After serving for 12 years as Santa Cruz County’s 4th District representative, Supervisor Greg Caput says that he will not seek reelection in the upcoming June primary.
With a wife, two sets of adolescent twins and a 16-year-old son, Caput, now in his early 70s, says he wants to spend more quality time at home with his tight-knit family.
“It’s just the right time,” he says.
His departure might not be entirely surprising for those who have followed Caput through his ascent in local politics. Caput made passing term limits a significant part of his initial 2010 Board of Supervisors campaign—a hard-fought and stressful battle in which he triumphed by a measly 61 votes out of over 10,000 cast.
His multiple attempts to push term limits as a supervisor—both eight years and 12—were turned down by his fellow politicians, and the issue never came to a vote.
“The shelf life of a supervisor should be 12 years,” says Caput. “I tried hard to push term limits. Throughout history, no one has really been on the Board of Supervisors for more than 12 years except for Gary Patton. I’ve loved the job of supervisor, but I’m ready to move on.”
Caput’s love for his district—one that includes Watsonville’s rural and agricultural lands, the Pajaro Valley and greater South County—is evident. A lifelong Watsonville resident, Caput attended local schools and spent his summer months in the fields cutting lettuce. His cluttered but warm office at the Watsonville Vets Hall in the heart of the city is adorned with all varieties of posters, relics and decorations representing the region’s rich and storied history.
For Caput, Watsonville is, and always will be, home.
Tall, lanky and often wearing a tie, almost always a tad askew, Caput doesn’t look or come off as the typical politician. He does, however, have a magical way of connecting with his constituents and making them feel heard and listened to. That ability was on full display when he ousted three-term incumbent Tony Campos in 2010 for the 4th District seat. He primarily appealed to Watsonville voters that sought to slow the city’s expanding population and low-income housing production, advocating for “smart growth” on the campaign trail.
The past few years have been rough for the always personable supervisor—connections with his community more challenging to maintain.
“Covid has made things tough and impersonal. My whole family tested positive for the virus. I like meeting people in person—giving the personal touch,” he says. “Covid made everything difficult.”
Two familiar candidates have already stepped forward to try to fill his seat. According to county records, Watsonville City Councilman Jimmy Dutra declared his intention to run in the June primary late last month. Former Watsonville City Councilman and current Cabrillo College Governing Board Trustee Felipe Hernandez has also declared his intent to run.
Caput bested both candidates in 2018 for the 4th District seat, scoring a victory over Dutra in a November runoff by 1,000 votes. He also beat Dutra in 2014.
In his youth, the months Caput spent processing lettuce created a long and deep-seated connection with the area’s rich and fertile soil and its farmworkers. Before being elected to the board, Caput served on the Watsonville City Council from 2006-2010. He ran on a public safety platform—strengthening an understaffed firefighting and police force—and protecting farmland from urban sprawl.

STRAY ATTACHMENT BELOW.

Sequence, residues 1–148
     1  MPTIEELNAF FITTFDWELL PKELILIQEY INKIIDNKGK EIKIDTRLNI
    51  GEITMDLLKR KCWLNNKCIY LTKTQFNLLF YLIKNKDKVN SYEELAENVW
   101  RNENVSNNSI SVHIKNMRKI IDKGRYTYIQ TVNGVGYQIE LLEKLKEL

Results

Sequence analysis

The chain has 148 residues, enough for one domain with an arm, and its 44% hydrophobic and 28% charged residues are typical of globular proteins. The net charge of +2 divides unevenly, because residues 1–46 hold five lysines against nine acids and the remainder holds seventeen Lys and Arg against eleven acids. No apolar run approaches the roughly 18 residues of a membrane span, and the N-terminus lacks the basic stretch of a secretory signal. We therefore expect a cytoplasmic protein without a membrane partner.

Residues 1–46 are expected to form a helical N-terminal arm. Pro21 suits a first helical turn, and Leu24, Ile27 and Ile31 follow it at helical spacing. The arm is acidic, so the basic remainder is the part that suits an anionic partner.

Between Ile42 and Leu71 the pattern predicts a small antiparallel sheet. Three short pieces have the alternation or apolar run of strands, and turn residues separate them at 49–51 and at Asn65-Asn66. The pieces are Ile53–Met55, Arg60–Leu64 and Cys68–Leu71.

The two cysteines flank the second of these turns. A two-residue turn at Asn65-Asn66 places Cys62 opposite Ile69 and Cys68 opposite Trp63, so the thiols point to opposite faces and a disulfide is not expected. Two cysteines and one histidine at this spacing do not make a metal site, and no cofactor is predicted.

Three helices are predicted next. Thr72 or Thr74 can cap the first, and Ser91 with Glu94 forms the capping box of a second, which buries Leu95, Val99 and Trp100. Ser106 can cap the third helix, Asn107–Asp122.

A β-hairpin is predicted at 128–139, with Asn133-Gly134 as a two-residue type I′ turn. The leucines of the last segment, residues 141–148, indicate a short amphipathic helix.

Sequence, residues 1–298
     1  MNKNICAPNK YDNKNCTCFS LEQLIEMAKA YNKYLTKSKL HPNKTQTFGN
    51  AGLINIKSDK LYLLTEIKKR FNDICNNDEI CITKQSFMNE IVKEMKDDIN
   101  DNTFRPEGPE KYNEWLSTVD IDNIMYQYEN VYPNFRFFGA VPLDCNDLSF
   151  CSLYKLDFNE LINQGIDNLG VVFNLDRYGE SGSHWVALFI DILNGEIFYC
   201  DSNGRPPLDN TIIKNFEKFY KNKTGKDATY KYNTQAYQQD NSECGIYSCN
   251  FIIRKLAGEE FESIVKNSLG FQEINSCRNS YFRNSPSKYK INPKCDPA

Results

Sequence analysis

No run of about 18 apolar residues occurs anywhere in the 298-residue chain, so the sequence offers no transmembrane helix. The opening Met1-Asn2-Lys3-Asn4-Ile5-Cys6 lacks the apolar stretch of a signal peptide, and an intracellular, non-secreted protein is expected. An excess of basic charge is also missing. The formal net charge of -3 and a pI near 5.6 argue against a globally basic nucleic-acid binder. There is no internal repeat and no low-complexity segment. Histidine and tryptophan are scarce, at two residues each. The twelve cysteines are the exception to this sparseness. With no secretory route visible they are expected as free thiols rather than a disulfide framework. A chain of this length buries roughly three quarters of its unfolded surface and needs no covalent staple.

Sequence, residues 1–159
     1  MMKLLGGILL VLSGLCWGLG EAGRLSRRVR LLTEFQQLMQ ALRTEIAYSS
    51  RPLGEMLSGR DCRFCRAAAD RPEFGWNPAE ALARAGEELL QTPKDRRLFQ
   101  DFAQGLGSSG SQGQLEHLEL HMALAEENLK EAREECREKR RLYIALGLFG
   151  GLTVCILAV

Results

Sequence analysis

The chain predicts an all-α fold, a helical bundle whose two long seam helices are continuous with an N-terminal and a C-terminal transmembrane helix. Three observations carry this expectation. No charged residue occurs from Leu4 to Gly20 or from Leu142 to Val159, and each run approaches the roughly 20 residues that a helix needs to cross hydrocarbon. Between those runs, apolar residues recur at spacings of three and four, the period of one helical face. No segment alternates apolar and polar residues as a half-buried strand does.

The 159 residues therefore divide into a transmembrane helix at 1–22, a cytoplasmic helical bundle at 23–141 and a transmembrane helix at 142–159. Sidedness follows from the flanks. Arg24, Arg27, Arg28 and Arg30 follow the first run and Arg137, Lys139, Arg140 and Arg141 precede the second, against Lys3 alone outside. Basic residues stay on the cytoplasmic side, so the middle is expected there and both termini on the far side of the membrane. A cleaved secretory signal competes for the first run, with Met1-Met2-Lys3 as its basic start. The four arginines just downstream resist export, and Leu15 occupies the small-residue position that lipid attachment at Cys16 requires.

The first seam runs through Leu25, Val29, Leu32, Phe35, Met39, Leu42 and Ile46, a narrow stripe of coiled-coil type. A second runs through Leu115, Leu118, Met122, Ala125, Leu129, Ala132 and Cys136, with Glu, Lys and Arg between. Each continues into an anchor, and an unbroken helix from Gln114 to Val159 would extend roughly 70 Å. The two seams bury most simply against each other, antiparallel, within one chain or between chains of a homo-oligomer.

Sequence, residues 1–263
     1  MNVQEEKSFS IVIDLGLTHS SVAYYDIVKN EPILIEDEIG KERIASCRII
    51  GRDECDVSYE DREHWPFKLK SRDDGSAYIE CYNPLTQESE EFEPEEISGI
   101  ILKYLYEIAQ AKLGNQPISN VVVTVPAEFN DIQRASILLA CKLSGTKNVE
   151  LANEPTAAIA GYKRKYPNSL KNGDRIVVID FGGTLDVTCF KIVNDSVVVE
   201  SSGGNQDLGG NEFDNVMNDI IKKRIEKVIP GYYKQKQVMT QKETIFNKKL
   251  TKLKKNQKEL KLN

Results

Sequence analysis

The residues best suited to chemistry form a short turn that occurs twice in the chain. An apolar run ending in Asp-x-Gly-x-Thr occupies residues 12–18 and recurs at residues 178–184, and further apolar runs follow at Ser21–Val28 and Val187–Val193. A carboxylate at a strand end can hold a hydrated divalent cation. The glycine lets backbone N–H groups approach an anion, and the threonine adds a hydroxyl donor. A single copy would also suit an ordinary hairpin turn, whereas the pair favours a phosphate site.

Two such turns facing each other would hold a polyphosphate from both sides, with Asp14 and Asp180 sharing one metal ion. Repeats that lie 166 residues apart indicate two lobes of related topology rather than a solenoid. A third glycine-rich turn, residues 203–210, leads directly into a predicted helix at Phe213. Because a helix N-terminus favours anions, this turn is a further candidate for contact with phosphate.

Caput’s eyes light up when he starts to describe the work that he’s done over the past dozen years. He’s continued his commitment to supporting law enforcement and the fire department—eliminating mandatory overtime to prevent fatigue and mistakes.
Through the recent fires and a crippling pandemic, he’s advocated for opening doors and establishing services to aid the area’s homeless population. For years, more than 80 people were overnight guests at the Watsonville Vets Hall—just steps from his office.
When his third term ends later this year, Caput will leave his constituents with two big parting gifts: an ambitious plan to construct a massive park near the County Fairgrounds and the purchase of the old West Marine Building that the County is turning into a resource center.
By orchestrating the latter, he gave South County residents access to human services, the planning department, mental health services and public works without traveling all the way to Santa Cruz.
During his tenure, Caput also volunteered countless hours on a long list of other boards, committees and regional agencies, including the Environmental Health Appeals Commission, the Highway 1 Construction Authority, the Santa Cruz County Mental Health Advisory Board and the Santa Cruz County Workforce Development Board.
His colleagues on the Board of Supervisors unanimously elected him as the Board Chair for 2020.
Just as he pushed to establish term limits for the Board of Supervisors, Caput lobbied to cut the pay for the entire board. His efforts were summarily rejected, but he says he decided to donate most of his salary—over $200,000 over 11 years—to nonprofits and cases of need (like family tragedies).
“I could have used the money to pay off my mortgage,” he admits.
Caput says that he’s loved his time as supervisor, but not necessarily the politics. He does, however, want to thank his fellow supervisors—past and present.
“Even though we didn’t agree on a lot of issues, we always got along,” he says. “It used to be shouting matches and yelling matches 30 years ago. Lately, though, we’ve always had a good working environment. They always accept me for who I am. And I accept them for who they are.”